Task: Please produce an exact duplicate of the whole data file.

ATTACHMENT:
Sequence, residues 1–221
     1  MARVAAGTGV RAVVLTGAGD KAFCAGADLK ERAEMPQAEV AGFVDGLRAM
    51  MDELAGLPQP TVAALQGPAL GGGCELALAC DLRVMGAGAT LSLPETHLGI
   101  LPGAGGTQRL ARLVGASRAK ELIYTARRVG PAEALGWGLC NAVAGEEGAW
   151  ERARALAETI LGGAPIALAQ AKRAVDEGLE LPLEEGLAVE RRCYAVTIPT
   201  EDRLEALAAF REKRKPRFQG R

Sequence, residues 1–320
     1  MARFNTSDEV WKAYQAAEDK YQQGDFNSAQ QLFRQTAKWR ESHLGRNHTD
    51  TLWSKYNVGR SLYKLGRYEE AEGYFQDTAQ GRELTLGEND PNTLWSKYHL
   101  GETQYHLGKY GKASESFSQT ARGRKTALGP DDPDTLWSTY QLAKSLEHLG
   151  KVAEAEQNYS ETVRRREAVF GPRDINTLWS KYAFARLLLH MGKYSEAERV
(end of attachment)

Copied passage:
Sequence, residues 1–221
     1  MARVAAGTGV RAVVLTGAGD KAFCAGADLK ERAEMPQAEV AGFVDGLRAM
    51  MDELAGLPQP TVAALQGPAL GGGCELALAC DLRVMGAGAT LSLPETHLGI
   101  LPGAGGTQRL ARLVGASRAK ELIYTARRVG PAEALGWGLC NAVAGEEGAW
   151  ERARALAETI LGGAPIALAQ AKRAVDEGLE LPLEEGLAVE RRCYAVTIPT
   201  EDRLEALAAF REKRKPRFQG R

Sequence, residues 1–320
     1  MARFNTSDEV WKAYQAAEDK YQQGDFNSAQ QLFRQTAKWR ESHLGRNHTD
    51  TLWSKYNVGR SLYKLGRYEE AEGYFQDTAQ GRELTLGEND PNTLWSKYHL
   101  GETQYHLGKY GKASESFSQT ARGRKTALGP DDPDTLWSTY QLAKSLEHLG
   151  KVAEAEQNYS ETVRRREAVF GPRDINTLWS KYAFARLLLH MGKYSEAERV